Digests » 140
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this week's favorite
We’ve all had a hard drive fail on us, and often it’s as sudden as booting your machine and realizing you can’t access a bunch of your files. It’s not a fun experience. It’s especially not fun when you have an entire data center full of drives that are all important to keeping your business running. What if we could predict when one of those drives would fail, and get ahead of it by preemptively replacing the hardware before the data is lost? This is where the history of predictive drive failure begins.
Under now-standard techniques, such as over-parameterization, batch-normalization, and adding residual links, “modern age” neural network training—at least for image classification tasks and many others—is usually quite stable. Using standard neural network architectures and training algorithms (typically SGD with momentum), the learned models perform consistently well, not only in terms of training accuracy but even in test accuracy, regardless of which random initialization or random data order is used during the training.
Problems emerging from data are common in research as well as in the industry. Those problems are dealt with as part of our project, but we usually don't bother solving them at their origin. We fix the data locally once, and we go on with our project. This is certainly a valid method in some cases, but as we share data more and more between projects, we are finding ourselves repeating the same processes over time and across teams. This issue is particularly true for public datasets shared by many people to train many machine learning models. I will show you how to create, maintain, and contribute to a long-living dataset that will update itself automatically across projects, using git and DVC as versioning systems, and DAGsHub as a host for the datasets.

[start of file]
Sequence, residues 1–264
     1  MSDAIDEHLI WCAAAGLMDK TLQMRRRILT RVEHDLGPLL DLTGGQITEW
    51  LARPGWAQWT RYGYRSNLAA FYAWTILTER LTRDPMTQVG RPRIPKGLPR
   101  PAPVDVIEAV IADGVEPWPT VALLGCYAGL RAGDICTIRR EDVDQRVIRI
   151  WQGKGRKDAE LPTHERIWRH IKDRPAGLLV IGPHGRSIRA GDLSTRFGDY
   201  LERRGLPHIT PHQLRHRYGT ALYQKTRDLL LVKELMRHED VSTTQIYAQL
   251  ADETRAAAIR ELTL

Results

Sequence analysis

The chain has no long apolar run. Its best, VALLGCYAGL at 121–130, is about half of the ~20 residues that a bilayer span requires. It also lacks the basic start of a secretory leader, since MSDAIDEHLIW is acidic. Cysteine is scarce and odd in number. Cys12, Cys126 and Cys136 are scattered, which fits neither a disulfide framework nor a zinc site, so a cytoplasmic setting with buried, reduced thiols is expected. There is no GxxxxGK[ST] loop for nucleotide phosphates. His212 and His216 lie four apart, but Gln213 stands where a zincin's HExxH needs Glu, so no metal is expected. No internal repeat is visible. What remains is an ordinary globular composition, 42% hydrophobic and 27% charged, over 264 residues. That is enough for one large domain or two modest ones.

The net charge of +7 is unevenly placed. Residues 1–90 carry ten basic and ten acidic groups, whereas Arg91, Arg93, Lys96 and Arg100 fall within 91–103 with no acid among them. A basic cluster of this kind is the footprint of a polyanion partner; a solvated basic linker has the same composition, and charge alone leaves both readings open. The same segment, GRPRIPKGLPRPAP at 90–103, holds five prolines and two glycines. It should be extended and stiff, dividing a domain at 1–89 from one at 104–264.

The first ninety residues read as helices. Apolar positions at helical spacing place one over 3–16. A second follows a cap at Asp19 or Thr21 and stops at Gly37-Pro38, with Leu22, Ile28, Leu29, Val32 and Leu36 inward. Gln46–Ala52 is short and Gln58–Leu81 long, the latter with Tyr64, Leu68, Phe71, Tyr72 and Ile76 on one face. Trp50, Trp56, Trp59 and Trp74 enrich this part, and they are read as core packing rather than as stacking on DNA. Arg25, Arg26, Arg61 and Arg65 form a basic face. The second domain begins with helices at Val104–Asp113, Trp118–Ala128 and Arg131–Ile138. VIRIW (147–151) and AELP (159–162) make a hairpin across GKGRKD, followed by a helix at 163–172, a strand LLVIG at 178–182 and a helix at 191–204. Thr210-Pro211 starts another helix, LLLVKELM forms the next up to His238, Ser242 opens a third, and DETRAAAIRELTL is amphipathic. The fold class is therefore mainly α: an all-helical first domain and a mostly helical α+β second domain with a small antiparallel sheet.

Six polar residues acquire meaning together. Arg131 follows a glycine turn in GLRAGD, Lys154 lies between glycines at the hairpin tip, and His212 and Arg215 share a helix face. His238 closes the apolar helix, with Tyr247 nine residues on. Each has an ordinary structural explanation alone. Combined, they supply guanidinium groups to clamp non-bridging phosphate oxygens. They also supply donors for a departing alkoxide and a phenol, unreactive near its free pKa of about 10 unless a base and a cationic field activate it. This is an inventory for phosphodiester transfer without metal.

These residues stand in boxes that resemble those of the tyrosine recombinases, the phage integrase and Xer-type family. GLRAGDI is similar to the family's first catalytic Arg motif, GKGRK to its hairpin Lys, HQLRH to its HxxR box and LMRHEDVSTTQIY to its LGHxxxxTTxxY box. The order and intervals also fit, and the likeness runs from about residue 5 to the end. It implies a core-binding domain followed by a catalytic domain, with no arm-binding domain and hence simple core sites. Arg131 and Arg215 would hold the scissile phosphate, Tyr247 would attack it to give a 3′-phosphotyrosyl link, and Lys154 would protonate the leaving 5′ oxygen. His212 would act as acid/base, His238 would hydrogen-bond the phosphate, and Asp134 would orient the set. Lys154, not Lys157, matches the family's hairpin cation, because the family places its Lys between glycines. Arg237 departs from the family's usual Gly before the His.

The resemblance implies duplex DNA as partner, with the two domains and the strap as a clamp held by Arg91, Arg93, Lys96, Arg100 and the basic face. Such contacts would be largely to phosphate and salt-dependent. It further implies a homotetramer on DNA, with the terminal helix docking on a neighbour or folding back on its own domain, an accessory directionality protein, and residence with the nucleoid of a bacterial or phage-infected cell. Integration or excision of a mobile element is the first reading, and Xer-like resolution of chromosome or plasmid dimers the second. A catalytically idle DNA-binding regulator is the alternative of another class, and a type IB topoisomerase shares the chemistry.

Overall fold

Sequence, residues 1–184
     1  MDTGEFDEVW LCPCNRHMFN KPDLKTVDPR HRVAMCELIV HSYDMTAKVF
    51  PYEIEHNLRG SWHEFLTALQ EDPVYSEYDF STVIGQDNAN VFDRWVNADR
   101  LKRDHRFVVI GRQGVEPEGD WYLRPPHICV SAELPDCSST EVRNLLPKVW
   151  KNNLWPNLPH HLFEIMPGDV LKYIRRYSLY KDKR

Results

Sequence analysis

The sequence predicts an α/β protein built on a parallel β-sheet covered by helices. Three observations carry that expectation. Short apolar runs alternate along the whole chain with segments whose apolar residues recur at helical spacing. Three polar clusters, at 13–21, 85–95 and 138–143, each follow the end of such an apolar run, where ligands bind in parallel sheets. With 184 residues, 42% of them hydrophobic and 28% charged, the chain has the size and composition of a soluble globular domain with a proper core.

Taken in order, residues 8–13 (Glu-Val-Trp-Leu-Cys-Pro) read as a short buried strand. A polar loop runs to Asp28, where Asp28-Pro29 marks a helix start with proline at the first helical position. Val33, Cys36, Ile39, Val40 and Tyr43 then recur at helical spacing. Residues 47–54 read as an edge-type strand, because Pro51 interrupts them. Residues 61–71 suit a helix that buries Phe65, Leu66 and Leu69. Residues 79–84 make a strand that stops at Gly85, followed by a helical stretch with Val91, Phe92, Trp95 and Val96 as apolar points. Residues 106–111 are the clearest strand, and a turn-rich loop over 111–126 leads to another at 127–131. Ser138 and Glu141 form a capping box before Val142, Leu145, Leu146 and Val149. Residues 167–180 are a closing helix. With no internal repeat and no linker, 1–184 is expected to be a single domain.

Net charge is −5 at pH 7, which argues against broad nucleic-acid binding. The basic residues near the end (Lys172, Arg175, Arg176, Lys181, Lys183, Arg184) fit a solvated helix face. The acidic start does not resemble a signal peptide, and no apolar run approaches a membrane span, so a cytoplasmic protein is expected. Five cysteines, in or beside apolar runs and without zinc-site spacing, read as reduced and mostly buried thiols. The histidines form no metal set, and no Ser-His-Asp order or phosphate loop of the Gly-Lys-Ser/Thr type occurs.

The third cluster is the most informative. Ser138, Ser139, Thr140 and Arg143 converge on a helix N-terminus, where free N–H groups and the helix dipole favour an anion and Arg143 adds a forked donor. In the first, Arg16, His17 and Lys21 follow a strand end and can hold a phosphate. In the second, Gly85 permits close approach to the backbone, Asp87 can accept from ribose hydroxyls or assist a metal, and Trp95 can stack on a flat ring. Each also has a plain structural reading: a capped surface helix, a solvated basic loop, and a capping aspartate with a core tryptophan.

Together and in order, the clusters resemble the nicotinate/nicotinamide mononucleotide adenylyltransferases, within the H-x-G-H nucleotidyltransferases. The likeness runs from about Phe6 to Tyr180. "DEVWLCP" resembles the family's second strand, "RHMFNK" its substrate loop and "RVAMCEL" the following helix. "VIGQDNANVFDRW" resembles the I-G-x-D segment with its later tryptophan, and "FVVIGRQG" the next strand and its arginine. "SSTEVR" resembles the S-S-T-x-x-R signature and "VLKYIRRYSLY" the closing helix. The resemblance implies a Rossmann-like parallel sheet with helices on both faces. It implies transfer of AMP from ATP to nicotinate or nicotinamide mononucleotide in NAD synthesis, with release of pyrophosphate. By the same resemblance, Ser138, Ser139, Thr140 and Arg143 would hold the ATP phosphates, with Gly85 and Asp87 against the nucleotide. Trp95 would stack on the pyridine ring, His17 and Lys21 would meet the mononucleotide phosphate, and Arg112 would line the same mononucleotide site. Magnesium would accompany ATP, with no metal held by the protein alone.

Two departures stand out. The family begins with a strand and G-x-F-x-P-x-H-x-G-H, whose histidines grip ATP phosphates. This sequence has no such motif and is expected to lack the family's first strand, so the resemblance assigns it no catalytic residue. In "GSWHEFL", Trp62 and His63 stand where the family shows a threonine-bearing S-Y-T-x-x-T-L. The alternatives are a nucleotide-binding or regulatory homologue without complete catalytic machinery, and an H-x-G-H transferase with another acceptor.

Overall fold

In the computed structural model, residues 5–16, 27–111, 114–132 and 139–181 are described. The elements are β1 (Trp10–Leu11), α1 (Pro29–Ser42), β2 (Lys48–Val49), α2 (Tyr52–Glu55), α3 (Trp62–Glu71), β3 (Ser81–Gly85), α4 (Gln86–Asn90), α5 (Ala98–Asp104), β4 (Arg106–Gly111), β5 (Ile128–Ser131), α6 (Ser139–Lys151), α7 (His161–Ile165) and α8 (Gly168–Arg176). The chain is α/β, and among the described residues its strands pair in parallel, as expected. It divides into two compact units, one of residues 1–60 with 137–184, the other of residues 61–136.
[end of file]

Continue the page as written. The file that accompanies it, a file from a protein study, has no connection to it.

When Facebook users scroll through their News Feed, they find all kinds of content — articles, friends’ comments, event invitations, and of course, photos. Most people are able to instantly see what’s in these images, whether it’s their new grandchild, a boat on a river, or a grainy picture of a band onstage. But many users who are blind or visually impaired (BVI) can also experience that imagery, provided it’s tagged properly with alternative text (or “alt text”). A screen reader can describe the contents of these images using a synthetic voice and enable people who are BVI to understand images in their Facebook feed.
NLPRule is a library for rule-based grammatical error correction written in pure Rust with bindings for Python. Rules are sourced from LanguageTool.